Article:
Celulight Technology Preview - Cel Shading in After Effects


Here’s a little plug-in for After Effects that I’ve been working on for a while. It’s somewhat based on my Normality relighting suite, but rather than using pre-rendered normal maps, Celulight lets you shade and light directly from outline drawings or cels.

This can give a really fresh 3D look to cartoons or anime.

Celulight offers regular diffuse and specular shading as well as a new cel shader to simulate the characteristic multi-shade look of the more expensive 2D animation films.

Celulight is not ready for release quite yet, but I’ve prepared some samples and more information on my website: Celulight Technology Preview

I’d really like to hear if there’s any demand for this plug-in. Is this something that would be interesting to the After Effects community?

Looking forward to hear your thoughts and comments!


im a newbie with AE but i think this plugin will be useful specially with some logos (besides cartoons) is there a way to flatten some areas if you dont wish to have emboss look?

btw this plugin promising!


double post


The biggest problem for most people will still be creating the normal maps which is the ultimate limiting factor. Once that hurdle is overcome, people certainly will have lots of fun.



Ah, but that’s the cool part: Celulight creates the normal map itself from the outlines! All you need to feed it is an outline drawing or a flat shaded toon cel.


By the way, if anybody has some nice outline drawings, comics or colored cels they’d like to see shaded, I’d love to try it out on them… I’m not a great draftsman, so my resource of graphics to test with is a bit limited :wink:


Ah, I see. That part was unclear to me. Then it’s certainly going to be easy-peasy.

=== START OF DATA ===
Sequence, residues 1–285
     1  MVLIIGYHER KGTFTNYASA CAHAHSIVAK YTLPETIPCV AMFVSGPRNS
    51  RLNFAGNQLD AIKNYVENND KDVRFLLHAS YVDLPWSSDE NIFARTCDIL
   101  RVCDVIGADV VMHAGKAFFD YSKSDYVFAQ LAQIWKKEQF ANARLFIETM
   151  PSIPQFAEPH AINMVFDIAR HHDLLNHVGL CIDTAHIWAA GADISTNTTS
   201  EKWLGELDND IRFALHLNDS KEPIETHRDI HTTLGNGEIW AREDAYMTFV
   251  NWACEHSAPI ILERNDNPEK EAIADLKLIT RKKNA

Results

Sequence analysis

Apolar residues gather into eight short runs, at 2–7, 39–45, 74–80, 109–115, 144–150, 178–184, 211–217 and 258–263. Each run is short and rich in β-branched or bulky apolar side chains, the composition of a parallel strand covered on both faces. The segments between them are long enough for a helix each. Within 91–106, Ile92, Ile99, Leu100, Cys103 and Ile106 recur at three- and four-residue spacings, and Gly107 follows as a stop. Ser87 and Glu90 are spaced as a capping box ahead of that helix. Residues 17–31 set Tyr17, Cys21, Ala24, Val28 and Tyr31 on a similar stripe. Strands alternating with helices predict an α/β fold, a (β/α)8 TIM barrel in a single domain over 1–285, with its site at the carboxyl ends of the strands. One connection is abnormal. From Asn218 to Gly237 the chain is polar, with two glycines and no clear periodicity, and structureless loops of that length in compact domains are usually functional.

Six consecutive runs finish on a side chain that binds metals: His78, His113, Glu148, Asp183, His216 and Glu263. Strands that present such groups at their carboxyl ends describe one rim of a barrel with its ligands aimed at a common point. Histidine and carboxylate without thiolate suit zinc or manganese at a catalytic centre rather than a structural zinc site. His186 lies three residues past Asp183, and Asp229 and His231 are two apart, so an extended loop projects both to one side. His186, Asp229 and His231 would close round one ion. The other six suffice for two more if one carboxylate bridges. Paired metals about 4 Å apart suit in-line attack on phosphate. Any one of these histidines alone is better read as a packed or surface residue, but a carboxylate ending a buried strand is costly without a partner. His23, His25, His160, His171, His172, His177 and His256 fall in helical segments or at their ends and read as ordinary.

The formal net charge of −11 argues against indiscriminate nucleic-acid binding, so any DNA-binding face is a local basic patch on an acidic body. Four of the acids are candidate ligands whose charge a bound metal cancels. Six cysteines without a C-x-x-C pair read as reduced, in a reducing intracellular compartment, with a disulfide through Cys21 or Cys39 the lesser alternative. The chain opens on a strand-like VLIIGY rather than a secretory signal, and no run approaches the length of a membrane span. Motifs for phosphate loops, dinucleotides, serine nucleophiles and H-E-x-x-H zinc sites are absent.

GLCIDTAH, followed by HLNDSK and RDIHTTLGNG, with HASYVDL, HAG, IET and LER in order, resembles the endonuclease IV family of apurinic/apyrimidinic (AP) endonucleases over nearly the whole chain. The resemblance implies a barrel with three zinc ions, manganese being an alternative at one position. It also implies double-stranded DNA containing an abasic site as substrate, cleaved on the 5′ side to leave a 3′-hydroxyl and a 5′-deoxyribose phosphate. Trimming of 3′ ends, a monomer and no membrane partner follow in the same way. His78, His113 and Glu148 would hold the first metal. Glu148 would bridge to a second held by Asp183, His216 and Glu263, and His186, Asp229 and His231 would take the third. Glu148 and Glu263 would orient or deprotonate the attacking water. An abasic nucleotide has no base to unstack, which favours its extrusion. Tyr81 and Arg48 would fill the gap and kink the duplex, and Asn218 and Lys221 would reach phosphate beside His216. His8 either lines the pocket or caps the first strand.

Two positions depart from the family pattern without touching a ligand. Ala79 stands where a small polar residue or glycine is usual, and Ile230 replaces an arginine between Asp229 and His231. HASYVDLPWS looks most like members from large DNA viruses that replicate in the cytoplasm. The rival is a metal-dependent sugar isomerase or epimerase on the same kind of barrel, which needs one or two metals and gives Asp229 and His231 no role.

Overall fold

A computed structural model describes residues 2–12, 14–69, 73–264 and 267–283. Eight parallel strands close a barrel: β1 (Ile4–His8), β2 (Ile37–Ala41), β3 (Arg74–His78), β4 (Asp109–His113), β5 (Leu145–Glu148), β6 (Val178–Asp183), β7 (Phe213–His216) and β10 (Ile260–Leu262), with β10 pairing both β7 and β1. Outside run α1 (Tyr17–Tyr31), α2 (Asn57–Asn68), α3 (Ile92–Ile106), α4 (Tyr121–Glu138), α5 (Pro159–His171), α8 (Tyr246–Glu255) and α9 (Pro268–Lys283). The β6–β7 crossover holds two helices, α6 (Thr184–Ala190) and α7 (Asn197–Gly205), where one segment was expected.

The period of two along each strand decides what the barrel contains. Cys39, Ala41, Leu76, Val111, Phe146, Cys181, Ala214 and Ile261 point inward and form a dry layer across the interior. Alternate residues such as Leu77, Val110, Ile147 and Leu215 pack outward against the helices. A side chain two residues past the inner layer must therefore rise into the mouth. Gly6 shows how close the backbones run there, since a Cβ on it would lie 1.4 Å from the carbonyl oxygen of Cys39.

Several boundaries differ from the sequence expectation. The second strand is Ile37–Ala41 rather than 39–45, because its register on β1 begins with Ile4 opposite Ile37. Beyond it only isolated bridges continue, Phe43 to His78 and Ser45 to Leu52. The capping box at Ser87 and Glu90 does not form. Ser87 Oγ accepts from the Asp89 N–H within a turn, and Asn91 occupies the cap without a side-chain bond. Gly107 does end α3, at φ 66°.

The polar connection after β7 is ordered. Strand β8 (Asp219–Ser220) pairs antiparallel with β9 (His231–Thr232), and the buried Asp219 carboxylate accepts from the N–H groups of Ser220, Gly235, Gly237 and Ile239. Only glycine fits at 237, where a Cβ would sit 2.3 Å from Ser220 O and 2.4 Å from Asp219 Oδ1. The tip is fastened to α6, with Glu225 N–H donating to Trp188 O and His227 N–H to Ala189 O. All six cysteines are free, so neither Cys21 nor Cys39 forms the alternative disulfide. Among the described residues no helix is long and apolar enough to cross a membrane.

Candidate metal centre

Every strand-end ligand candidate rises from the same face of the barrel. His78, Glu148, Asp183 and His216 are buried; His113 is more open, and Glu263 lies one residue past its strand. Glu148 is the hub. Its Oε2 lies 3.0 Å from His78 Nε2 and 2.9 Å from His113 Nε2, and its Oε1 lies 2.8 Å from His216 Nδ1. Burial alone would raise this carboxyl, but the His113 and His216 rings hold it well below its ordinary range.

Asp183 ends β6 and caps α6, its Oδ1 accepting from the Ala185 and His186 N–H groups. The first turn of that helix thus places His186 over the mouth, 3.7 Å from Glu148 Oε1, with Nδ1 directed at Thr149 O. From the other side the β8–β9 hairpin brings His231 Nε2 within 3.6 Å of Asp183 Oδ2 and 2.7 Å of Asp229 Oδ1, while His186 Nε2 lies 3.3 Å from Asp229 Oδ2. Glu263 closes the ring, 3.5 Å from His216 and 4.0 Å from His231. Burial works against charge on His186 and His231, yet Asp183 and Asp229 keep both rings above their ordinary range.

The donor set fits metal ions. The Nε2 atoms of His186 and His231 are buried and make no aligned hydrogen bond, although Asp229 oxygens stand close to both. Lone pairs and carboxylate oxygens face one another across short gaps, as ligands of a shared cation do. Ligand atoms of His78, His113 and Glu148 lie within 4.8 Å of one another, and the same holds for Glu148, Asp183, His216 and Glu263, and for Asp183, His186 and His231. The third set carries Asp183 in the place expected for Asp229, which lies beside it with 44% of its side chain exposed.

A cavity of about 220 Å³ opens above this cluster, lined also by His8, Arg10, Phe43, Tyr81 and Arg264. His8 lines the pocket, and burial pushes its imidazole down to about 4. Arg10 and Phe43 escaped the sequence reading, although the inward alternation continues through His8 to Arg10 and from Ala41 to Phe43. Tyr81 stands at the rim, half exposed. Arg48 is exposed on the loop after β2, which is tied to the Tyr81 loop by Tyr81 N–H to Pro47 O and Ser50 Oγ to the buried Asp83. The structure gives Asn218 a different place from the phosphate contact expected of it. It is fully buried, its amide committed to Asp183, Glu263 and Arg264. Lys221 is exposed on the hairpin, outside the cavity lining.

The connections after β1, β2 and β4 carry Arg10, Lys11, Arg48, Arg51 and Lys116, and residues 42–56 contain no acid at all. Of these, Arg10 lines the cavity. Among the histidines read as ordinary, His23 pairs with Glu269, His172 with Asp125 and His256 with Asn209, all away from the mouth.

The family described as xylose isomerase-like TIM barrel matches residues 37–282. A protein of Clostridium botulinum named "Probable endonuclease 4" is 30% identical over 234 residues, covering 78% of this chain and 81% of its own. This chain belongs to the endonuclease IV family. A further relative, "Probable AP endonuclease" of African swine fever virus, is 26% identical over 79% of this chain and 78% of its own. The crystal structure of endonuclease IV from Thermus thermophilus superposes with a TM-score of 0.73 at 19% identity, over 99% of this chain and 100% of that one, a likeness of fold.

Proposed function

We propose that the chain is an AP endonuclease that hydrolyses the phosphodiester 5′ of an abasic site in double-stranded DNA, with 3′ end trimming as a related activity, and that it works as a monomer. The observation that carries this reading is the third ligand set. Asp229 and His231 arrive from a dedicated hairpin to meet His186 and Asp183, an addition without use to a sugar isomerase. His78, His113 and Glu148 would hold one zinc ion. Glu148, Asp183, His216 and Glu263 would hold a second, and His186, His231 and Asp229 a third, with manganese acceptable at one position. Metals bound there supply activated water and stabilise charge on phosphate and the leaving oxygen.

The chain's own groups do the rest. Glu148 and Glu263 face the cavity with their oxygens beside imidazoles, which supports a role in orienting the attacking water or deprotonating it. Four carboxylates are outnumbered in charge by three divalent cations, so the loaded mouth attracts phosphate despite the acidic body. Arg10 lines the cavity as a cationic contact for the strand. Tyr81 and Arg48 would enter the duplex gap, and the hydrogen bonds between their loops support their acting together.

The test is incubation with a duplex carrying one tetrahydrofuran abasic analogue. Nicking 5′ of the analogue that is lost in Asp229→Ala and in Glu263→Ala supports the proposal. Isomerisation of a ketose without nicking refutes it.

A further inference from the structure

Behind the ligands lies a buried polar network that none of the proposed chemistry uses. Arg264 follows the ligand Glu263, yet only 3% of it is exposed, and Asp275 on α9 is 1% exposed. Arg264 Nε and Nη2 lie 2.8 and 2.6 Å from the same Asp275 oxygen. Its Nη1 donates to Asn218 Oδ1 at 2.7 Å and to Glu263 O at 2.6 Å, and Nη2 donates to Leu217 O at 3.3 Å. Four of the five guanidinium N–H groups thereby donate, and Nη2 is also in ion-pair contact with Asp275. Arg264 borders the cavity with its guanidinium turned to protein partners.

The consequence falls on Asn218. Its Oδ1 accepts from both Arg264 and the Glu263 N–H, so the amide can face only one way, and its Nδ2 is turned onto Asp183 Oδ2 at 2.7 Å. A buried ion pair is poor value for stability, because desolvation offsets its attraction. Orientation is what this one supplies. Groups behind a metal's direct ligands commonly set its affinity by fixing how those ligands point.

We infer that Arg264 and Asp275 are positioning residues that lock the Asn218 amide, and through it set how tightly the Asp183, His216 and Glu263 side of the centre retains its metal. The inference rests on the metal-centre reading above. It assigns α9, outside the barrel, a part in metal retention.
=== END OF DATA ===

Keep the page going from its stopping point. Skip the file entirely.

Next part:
It looks great… I would love to try it ^^


Looks very interesting.
thanks for posting!


Sounds really cool :slight_smile: !


[left]well, sounds really interesting.

but how the hell do you get the information for the normal maps. just guessing? cause there is absolutely no information about depths in an outline drawing…

im curious,



You’re right, the outlines don’t inherently offer information about the surface normals, so obviously the technique is an approximation and naturally has its limits - for example, it cannot create accurate shading for flat or edgy surfaces.
However, if you look at cartoon characters, you’ll see that they are generally very round and vaulty, which really facilitates the approximation of the normal map. Since cartoons aren’t photorealistic anyway, in most cases we can easily get away with less than realistic shading.

So I suppose you could say Celulight does “educated guessing” when it comes to determining the normals - but you’d be surprised how well it works in most cases! :thumbsup:

Also, I added a function today that lets the user specify whether the contained surface is convex, concave or flat depending on the color of the outline - this creates many new possibilities in terms of shading.



count me in! want to try it!:thumbsup:


Well, as there appears to be more interest than I had anticipated, I’m preparing a version of Celulight for beta testers.

Anyone interested please contact me through my website, this will make communication easier along the line.
Please mention your version of AE and your PC specs. Oh… and sorry, Windows only for now!!

The beta should be ready by early next week.


this seems really cool


I was expecting only a handful of candidates to beta test Celulight, but ended up with more potential testers than I could possibly ever need. As I don’t want to start some kind of popularity contest here, I won’t be excluding anybody and have decided to simply make this an open beta.